Military Prison Abuse Review Offers Mixed Conclusions
Abuse Review Exonerates Policy (WaPo A16)
The Pentagon’s widest-ranging examination of prisoner abuse at U.S. detention facilities has concluded that there was no deliberate high-level policy that led to numerous cases of mistreatment, and instead blames inept leadership at low levels and confusion over changing interrogation rules, according to government and defense officials who have read the report. Vice Adm. Albert T. Church III’s inquiry, which included reviews of several earlier military investigations, found there is “no single overarching explanation” for the abuse and that many of them occurred when soldiers came in contact with detainees on the battlefields in Iraq and Afghanistan rather than in U.S. detention facilities. It also found that interrogators, for the most part, followed U.S. and international standards for treating detainees humanely and that “there is no link between approved interrogation techniques and detainee abuse.”
While the review largely summarizes previous military reports about Defense Department detention operations, it specifically points out that aggressive efforts to increase the quality of human intelligence after the Sept. 11, 2001, terrorist attacks might have led Pentagon officials to approve the use of interrogation techniques that were on the borderline of acceptable treatment. As previously disclosed, the report says military lawyers initially debated the use of 39 sometimes controversial techniques — such as water boarding, a tactic that mimics drowning — but pared that list to 35. Secretary of Defense Donald H. Rumsfeld approved 24 techniques.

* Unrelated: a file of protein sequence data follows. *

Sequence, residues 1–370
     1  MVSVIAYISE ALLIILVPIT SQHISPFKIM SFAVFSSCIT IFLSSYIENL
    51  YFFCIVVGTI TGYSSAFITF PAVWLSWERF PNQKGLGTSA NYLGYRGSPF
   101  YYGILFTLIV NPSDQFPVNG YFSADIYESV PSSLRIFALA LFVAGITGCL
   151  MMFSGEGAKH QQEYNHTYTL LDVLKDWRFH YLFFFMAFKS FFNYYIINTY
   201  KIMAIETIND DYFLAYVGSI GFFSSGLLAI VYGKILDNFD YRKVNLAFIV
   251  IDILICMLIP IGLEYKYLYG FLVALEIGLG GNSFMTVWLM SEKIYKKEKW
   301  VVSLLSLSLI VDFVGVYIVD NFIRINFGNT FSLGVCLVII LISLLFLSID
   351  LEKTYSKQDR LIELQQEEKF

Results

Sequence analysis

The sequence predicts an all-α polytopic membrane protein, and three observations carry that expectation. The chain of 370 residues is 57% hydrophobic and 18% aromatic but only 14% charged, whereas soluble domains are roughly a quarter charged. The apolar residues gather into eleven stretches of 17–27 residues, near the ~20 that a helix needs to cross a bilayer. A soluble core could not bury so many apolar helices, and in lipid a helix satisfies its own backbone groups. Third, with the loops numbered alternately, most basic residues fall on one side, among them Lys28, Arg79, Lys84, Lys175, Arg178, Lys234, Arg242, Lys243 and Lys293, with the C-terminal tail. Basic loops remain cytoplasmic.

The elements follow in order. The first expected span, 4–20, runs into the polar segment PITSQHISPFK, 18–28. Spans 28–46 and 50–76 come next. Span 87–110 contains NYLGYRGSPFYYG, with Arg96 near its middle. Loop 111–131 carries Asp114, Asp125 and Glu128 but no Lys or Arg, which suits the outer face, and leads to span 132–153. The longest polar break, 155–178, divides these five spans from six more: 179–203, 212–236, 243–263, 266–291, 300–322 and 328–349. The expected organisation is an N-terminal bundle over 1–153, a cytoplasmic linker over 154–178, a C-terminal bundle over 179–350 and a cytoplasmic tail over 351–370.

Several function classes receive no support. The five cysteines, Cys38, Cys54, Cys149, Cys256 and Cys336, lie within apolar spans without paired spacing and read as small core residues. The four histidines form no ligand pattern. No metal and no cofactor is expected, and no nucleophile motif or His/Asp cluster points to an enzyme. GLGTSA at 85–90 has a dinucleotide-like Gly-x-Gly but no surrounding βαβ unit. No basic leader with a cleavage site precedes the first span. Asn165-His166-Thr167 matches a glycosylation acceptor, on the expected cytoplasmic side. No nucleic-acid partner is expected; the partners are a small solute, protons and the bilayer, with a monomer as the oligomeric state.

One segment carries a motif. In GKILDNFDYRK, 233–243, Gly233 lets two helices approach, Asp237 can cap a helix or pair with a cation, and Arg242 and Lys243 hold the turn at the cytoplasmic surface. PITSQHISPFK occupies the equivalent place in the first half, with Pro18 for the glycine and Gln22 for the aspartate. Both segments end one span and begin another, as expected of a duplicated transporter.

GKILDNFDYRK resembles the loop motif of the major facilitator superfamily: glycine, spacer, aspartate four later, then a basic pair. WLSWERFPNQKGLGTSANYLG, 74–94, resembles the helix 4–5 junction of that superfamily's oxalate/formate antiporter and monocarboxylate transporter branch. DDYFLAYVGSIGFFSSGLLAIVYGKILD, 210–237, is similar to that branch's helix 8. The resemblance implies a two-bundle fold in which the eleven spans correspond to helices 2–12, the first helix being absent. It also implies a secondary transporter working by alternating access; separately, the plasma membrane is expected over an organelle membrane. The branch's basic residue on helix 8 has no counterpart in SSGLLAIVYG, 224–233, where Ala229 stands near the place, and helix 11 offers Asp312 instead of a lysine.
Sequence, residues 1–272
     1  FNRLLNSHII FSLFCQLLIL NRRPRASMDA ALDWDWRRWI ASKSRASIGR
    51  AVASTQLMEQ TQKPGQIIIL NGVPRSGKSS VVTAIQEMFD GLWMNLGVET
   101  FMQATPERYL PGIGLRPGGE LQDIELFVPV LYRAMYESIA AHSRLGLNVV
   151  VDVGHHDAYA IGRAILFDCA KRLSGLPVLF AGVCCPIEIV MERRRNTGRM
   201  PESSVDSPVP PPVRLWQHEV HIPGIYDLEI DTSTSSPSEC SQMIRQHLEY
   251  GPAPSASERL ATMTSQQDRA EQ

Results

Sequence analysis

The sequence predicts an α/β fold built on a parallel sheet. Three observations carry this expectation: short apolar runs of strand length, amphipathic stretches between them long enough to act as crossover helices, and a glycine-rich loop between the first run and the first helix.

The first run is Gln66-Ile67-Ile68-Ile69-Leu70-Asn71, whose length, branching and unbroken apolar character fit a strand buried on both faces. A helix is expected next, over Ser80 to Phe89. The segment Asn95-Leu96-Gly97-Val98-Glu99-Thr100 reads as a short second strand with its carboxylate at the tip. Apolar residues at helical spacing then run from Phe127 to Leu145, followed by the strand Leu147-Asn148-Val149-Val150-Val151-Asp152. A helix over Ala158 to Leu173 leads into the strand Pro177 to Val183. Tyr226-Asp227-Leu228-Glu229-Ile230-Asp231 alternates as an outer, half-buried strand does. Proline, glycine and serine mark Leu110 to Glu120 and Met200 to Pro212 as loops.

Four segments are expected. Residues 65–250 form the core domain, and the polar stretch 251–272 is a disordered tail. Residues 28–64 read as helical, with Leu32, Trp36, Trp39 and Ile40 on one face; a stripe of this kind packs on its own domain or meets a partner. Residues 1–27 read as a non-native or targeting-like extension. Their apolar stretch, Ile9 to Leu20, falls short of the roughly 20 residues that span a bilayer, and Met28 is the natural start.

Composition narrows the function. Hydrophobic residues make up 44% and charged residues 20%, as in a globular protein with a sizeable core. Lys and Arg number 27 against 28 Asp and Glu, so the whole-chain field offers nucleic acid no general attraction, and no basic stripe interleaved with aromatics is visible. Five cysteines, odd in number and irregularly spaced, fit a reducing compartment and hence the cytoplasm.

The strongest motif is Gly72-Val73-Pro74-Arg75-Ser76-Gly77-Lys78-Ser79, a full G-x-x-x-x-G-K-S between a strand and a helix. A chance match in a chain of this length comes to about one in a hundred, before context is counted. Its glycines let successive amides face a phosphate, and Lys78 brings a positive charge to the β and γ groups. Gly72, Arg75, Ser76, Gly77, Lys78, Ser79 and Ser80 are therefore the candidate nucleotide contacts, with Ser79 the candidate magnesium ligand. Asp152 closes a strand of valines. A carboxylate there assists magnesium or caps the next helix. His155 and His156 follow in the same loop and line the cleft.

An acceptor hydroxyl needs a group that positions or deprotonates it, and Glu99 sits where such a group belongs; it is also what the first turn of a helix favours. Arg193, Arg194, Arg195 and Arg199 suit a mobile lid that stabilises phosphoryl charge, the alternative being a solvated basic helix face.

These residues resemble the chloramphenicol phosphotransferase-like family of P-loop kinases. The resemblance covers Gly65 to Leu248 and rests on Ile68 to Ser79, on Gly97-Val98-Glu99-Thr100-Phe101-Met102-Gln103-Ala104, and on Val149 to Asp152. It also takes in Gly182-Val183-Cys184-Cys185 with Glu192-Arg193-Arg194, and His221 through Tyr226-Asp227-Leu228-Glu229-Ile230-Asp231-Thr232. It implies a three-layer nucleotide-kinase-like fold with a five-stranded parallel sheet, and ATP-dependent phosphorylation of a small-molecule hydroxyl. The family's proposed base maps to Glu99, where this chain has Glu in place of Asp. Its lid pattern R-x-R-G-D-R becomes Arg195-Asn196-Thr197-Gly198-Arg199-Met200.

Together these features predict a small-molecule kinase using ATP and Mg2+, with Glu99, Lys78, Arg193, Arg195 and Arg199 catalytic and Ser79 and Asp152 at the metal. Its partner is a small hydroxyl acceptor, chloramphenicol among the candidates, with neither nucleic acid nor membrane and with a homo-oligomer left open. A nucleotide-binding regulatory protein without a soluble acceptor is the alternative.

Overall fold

The report, to be presented on Capitol Hill this morning, says Rumsfeld twice approved questionable techniques for use against “resistant” detainees held at Guantanamo Bay, Cuba, according to a defense official who quoted parts of the document’s executive summary yesterday. “These interrogations were sufficiently aggressive that they highlighted the difficult question of precisely defining the boundaries of humane treatment of detainees,” Church’s report says.
[…] The report finds that early warning signs of serious abuses did not receive enough high-level attention as the abuses unfolded, and that unit commanders did not get clear instructions that might have halted the abuses. The findings of this review, the latest in a series of military inquiries conducted in the past year, come as the top American military commander in Iraq has ordered the first major changes to interrogation procedures there in nearly a year, narrowing the set of authorized techniques and adding new safeguards to prevent abuse of Iraqi prisoners, officials said.
The new procedures approved by the officer, Gen. George W. Casey Jr., on Jan. 27, have not been publicly disclosed, but are described in the Church report, a wide-ranging investigation into interrogation techniques used at military detention centers in Cuba, Afghanistan and Iraq. “This policy approves a more limited set of techniques for use in Iraq, and also provides additional safeguards and prohibitions, rectifies ambiguities and, significantly, requires commanders to conduct training on and verify implementation of the policy, and report compliance to the commander,” according to a summary of the inquiry’s classified report.
Three senior defense officials said Wednesday that the new procedures clarified the prohibition against the use of muzzled dogs in interrogations, gave specific guidance to field units as to how long they could hold prisoners before releasing them or sending them to higher headquarters for detention, and made clear command responsibilities for detainee operations. They did not describe the particulars of the changes, which are likely to be a main focus of a Senate Armed Services Committee hearing set for Thursday to review the Church report’s findings. It will be the first Congressional hearing into the prisoner abuse scandal since last September, when senior Army investigators presented their findings.